KIMS Periscope

KIMS Periscope No. 342

New Zealand’s Indo-Pacific Challenge and Cooperation with the Republic of Korea

Roberto-Rabel Victoria University of Wellington Emeritus Professor
Roberto Rabel

Over the past three decades, New Zealand has worked actively with others to build a more integrated region based on respect for rules and norms that can accommodate the political diversity of the Asia-Pacific. The country has benefited from the evolution of a peaceful and increasingly prosperous region, fuelled economically by Chinese growth, stabilised militarily by American power and connected politically through ASEAN-centred mechanisms for regional dialogue. However, shifting geo-political dynamics and the contested reconceptualization of the Asia-Pacific as the Indo-Pacific have presented major challenges for New Zealand, highlighting the importance of working more closely with like-minded partners such as the Republic of Korea.

Beginning in the 1990s, several key developments transformed New Zealand into a quintessential Asia-Pacific state. One was a positive and profitable relationship with China, now the country’s largest trading partner. At the same time, New Zealand revitalised its relationship with the United States in the 21st century after disagreements over nuclear issues in the 1980s that precipitated suspension of the American security guarantee to New Zealand under the ANZUS pact. New Zealand also maintained close relations with Australia and South Pacific partners, while pursuing wider regional engagement as an energetic supporter of Asia-Pacific multilateralism in economic, political and security spheres (ranging from APEC, the CPTPP and RCEP to ASEAN ‘centrality’). Its emerging Asia-Pacific identity was reinforced by a changing demographic mix at home, blending historic Maori, Pacific Island and European cultural legacies with more recently expanded Asian migrant communities (now over 15% of the national population). The country could thus engage with Asia without relinquishing either a South Pacific focus or links with Australia, the United States, Canada and Latin America’s Pacific Alliance states.

In recent years, a shifting equilibrium of power and growing geo-political competition have thrown into question the benign economic-security nexus and evolving rules-based order that underpinned the Asia-Pacific success story. Indeed, the rubric of the ‘Indo-Pacific’ has eclipsed the Asia-Pacific as a new ordering framework for the region. While dismissed by Beijing as ‘foam on the ocean’, the concept has gained visible traction in recent years, with the Quad grouping of India, the United States, Japan and Australia as perhaps its most prominent manifestation. So-called Indo-Pacific strategies have proliferated within and beyond the region, the most recent being that of the Republic of Korea in 2022. Even ASEAN felt obliged to acknowledge the concept with its 2019 Outlook on the Indo-Pacific.

Wellington moved cautiously at first in acknowledging the shift to a more complex and contested Indo-Pacific context. A Strategic Defence Policy Statement in 2018 marked an early step, with sharper language about China and Russia than hitherto seen in policy documents in the 21st century. Jacinda Adern’s Labour-led government then launched a “Pacific Reset” to bolster already close partnerships with the small states of its Pacific neighbourhood, prompted in part as a response to growing Chinese influence there. But formal public affirmation of New Zealand’s embrace of the Indo-Pacific concept did not come until 2021 in Ardern’s keynote speech to a New Zealand Institute of International Affairs conference.

Since then, New Zealand has responded firmly to the Russian invasion of Ukraine. Despite a longstanding policy of only acting on UN-endorsed sanctions, the government moved quickly with strong bipartisan support in 2022 to pass a Russian Sanctions Act and provide military, economic and humanitarian support to Ukraine. New Zealand has since also attended NATO summits as one of its four Indo-Pacific partners alongside Australia, South Korea and Japan.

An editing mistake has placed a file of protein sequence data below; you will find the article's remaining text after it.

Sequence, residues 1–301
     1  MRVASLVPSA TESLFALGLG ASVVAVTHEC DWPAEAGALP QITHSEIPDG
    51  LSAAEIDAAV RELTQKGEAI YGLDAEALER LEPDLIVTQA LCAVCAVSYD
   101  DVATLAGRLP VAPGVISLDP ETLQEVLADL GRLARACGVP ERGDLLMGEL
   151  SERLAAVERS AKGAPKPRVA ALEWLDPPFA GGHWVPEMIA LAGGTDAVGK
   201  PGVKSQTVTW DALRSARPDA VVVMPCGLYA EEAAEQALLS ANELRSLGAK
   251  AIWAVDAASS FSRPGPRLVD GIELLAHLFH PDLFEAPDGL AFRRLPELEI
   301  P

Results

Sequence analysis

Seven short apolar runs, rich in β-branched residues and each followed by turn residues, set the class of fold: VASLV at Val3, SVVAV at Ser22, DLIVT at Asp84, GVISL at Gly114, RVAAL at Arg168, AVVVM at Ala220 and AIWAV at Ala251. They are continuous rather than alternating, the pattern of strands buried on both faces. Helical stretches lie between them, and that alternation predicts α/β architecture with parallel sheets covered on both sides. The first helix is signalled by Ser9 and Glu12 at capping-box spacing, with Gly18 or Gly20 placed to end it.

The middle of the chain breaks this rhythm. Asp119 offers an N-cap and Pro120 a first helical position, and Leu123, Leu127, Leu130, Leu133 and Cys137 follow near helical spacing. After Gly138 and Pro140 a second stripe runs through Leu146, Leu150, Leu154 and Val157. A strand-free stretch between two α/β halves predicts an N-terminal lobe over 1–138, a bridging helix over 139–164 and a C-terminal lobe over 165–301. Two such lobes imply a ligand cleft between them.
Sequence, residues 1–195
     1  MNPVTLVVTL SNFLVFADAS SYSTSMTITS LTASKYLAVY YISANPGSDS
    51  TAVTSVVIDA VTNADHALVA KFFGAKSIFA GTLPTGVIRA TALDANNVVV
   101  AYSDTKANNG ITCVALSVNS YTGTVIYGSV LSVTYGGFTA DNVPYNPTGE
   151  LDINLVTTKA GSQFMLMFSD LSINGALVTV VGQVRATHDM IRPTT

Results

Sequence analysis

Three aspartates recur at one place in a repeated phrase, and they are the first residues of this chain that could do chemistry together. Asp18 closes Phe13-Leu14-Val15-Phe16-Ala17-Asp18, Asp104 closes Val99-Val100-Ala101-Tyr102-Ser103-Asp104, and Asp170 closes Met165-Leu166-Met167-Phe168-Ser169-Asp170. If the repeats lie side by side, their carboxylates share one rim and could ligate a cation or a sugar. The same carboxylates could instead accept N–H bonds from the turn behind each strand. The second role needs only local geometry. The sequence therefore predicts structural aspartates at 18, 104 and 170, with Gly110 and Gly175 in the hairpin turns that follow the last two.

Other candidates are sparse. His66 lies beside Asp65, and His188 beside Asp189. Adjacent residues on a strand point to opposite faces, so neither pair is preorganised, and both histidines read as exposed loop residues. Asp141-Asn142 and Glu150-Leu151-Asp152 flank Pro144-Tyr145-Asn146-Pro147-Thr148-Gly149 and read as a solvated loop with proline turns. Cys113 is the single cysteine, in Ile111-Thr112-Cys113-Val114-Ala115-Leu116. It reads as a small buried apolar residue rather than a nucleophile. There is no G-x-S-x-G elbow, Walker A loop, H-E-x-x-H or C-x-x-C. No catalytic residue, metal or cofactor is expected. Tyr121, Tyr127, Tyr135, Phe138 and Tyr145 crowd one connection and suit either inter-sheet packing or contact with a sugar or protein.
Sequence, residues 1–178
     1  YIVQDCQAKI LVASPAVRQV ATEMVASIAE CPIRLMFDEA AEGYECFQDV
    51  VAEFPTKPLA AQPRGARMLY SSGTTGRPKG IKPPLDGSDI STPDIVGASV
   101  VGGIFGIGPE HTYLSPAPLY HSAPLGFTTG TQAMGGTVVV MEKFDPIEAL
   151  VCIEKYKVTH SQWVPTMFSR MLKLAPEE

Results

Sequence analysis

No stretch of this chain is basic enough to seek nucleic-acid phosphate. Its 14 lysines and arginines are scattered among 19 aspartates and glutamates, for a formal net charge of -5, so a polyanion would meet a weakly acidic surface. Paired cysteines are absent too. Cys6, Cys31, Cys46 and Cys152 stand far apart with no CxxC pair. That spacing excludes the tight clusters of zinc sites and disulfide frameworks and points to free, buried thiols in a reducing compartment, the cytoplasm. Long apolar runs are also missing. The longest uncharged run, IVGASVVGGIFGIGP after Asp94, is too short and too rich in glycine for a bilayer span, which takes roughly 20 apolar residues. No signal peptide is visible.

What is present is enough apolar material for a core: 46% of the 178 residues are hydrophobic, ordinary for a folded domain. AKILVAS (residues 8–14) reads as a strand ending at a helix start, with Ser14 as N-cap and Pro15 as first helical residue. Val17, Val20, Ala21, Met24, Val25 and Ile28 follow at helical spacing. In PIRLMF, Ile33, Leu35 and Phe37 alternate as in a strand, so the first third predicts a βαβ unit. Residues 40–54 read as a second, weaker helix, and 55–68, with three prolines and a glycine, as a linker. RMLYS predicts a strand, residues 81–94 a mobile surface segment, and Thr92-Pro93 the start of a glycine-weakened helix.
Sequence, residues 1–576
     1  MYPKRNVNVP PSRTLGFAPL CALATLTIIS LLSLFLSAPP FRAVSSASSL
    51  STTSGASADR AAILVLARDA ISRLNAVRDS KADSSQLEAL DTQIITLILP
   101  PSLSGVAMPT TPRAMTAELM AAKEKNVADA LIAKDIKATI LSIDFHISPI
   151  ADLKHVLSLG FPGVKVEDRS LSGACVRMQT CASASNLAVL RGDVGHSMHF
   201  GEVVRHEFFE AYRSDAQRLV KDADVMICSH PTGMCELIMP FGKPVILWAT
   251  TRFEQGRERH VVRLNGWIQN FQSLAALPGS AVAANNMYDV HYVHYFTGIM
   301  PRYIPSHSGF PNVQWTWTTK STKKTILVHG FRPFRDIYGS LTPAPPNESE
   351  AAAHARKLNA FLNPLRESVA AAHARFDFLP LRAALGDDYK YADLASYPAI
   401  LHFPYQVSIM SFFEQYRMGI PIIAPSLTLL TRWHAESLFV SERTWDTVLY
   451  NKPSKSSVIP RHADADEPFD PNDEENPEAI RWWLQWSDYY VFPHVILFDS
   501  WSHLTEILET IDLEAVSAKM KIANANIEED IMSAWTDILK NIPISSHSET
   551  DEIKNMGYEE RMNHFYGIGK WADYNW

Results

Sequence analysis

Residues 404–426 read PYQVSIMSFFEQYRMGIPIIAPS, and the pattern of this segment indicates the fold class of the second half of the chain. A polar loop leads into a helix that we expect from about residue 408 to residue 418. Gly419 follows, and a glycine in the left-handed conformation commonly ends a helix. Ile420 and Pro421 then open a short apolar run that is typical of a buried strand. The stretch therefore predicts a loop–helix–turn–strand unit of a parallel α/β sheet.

In 2023, New Zealand’s security and foreign policy agencies released a series of strategic documents, including an inaugural National Security Strategy.

These documents are all framed in the context of responding to three overarching shifts in the international strategic environment, as summarised by the Ministry of Foreign Affairs and Trade in its Strategic Foreign Policy Assessment: ‘Navigating a shifting world’:

‘1) A shift from rules to power – a shift towards a “multipolar world”, characterized by a period in which rules are more contested and relative power between states assumes a greater role in shaping international affairs;

2) A shift from economics to security – a shift in which economic relationships are reassessed in light of increased military competition in a more securitised and less stable world; and

3) A shift from efficiency to resilience – a shift in the drivers of economic behaviour, where building greater resilience and addressing pressing social and sustainability issues become more prominent.’

These tectonic shifts in the regional and global environment also framed the Ministry of Defence’s Policy and Strategy Statement in August 2023.As Minister of Defence Andrew Little noted: ‘In 2023 we do not live in a benign strategic environment. New Zealand is facing more geostrategic challenges than we have had in decades — climate change, terrorism, cyberattacks, transnational crime, mis and disinformation, and competition in our region which, up until recently, we thought was protected by its remoteness.’ Little’s words effectively upended a memorable statement from one of his own former Labour Party leaders, Helen Clark who had declared in 2000 that New Zealand enjoyed an ‘incredibly benign strategic environment’—a mantra that underpinned the country’s golden Asia-Pacific age. He crossed swords again with his former leader when commenting on AUKUS, the new arrangement between the United States, Australia and the United Kingdom entailing Canberra’s purchase of nuclear-powered submarines. While stressing that New Zealand had no interest in the nuclear aspects of the arrangement, Little left open the possibility of involvement in ‘Pillar 2’ of AUKUS, involving advanced technological cooperation—much to Clark’s public consternation.